The young football players rescued from a flooded cave complex in Thailand have visited a Buddhist temple to pray for protection from misfortunes.
Eleven of the boys and their 25-year-old coach spent their first day back with their families at the Wat Pra That Doi Wao temple on Thailand’s northern border with Myanmar.
One of the Wild Boar boys, Adul Sargon, was not present as he is not Buddhist.
The team has said they would ordain as Buddhist novices in honour of the former Thai navy SEAL diver, Saman Gunan, who died while making preparations for their rescue.
Coach Ekkapol Chanthawong said he was “impressed” with Gunan’s sacrifice which allowed the 13 children to live their lives outside the cave “happily and normally”.
The boys, aged 11 to 16, and their coach spoke to the media for the first time on Wednesday after being released from hospital.
They spoke of the moment they saw the two British divers who first spotted them after they went missing in the cave, describing it as a “miracle”.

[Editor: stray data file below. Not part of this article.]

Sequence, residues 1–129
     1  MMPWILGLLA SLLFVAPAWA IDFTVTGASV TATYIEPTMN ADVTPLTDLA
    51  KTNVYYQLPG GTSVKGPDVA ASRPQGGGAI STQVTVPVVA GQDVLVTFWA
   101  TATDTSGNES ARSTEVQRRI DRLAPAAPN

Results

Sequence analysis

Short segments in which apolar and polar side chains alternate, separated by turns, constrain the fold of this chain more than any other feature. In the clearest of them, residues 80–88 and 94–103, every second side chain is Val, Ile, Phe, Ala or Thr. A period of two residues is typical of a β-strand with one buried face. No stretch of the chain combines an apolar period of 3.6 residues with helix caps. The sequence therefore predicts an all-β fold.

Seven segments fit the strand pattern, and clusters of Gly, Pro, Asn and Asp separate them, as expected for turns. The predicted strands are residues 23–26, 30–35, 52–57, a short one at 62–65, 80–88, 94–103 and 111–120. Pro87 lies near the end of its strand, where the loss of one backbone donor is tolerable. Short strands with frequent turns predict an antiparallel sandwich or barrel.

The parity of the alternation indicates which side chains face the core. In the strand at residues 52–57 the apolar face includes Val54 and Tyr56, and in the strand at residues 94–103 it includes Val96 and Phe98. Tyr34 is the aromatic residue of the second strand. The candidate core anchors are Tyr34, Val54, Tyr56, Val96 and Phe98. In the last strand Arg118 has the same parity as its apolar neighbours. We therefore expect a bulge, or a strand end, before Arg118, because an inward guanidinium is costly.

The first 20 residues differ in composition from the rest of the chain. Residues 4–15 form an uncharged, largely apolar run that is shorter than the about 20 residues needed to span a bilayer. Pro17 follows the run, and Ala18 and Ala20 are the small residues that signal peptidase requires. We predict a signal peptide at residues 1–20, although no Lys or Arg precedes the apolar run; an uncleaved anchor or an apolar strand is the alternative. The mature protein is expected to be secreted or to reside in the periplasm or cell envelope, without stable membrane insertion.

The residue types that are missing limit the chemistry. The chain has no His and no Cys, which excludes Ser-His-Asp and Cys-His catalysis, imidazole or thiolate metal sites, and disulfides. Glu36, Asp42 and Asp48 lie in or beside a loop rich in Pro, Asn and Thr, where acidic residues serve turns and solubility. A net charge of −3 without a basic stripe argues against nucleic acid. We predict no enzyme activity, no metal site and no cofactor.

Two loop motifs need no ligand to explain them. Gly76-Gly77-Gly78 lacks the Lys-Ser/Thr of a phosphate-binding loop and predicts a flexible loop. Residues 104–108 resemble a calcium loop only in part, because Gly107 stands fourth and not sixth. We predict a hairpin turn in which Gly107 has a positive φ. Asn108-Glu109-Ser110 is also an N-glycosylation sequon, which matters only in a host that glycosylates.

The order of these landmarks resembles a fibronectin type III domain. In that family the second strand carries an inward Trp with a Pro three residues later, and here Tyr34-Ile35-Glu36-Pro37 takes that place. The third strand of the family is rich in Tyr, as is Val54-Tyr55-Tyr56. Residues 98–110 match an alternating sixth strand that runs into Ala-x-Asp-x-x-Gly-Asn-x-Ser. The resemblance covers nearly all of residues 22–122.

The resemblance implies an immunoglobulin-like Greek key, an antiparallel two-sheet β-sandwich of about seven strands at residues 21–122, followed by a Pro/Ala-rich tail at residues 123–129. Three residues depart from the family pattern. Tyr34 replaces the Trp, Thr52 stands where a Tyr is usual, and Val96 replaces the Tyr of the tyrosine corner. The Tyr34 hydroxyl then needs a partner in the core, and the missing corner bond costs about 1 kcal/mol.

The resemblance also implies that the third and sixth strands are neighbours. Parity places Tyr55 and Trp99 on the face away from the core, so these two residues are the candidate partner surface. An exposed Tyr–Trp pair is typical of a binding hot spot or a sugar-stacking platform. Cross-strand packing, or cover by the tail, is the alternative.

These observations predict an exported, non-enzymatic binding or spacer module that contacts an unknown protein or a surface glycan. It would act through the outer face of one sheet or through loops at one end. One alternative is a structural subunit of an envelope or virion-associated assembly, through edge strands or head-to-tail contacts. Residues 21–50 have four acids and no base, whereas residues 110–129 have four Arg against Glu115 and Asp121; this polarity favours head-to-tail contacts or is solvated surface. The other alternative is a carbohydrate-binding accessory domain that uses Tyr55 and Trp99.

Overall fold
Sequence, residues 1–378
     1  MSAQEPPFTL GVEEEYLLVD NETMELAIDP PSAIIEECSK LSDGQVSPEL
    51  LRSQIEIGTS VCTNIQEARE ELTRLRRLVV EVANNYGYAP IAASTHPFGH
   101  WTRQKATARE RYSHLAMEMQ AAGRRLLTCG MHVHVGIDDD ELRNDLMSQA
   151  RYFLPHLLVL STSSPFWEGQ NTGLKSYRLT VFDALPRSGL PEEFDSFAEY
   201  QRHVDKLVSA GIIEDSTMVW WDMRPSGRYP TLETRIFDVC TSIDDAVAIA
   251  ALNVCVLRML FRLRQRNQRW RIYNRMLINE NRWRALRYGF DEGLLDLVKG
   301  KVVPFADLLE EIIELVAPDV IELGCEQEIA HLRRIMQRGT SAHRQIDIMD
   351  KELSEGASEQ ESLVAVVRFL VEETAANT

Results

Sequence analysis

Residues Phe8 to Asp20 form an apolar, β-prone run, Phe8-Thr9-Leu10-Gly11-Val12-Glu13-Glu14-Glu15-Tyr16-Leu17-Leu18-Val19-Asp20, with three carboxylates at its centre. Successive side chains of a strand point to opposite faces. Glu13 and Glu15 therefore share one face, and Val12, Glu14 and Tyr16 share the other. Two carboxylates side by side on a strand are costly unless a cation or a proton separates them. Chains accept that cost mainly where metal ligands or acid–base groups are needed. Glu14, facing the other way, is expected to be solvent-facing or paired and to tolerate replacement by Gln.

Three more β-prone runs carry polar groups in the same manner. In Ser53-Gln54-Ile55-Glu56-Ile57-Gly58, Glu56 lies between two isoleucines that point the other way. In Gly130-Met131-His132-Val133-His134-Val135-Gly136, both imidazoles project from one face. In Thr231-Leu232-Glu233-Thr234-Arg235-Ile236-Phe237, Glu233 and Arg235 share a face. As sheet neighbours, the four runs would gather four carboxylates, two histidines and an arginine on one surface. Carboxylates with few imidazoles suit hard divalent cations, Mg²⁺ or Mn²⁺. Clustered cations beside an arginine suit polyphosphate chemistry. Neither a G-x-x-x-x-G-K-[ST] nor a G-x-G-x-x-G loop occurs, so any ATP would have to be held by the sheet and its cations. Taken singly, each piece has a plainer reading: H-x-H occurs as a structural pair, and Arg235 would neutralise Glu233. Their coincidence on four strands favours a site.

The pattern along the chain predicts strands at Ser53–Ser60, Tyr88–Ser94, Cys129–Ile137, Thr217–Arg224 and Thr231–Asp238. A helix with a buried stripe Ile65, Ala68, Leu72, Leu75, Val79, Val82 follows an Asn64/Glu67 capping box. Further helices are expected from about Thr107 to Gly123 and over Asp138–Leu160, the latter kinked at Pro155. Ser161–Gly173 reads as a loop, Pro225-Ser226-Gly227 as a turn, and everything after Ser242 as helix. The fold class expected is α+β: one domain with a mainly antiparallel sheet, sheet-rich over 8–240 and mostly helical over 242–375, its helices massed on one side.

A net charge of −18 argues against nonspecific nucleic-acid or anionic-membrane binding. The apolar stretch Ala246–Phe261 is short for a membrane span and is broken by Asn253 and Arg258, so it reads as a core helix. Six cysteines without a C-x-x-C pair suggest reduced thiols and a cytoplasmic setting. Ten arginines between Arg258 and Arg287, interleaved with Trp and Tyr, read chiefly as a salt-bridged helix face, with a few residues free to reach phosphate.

Fourteen-year-old Adul said: “We weren’t sure if it was for real.”
“So we stopped and listened. And it turned out to be true. I was shocked.”
The group revealed that they had survived without food for nine days and drank water from stalactites, and had even tried to dig their way out of the cave.
They became trapped after planning to explore the cave complex for an hour after football practice on 23 June, when heavy monsoon rain started to fall and flooded the tunnels.
A rescue operation which drafted in divers and experts from around the world lasted nearly three weeks.
Many of the young boys said they wanted to apologise to their parents as they had not told them they were going to explore the cave.
They also expressed guilt over the death of the navy SEAL diver, as coach Ekkapol said “everyone was very sad” and the boys “felt like they were the reason he had to die and his family had to suffer”.
Some of the boys said they would want to become navy SEALs when they grow up so they could help others.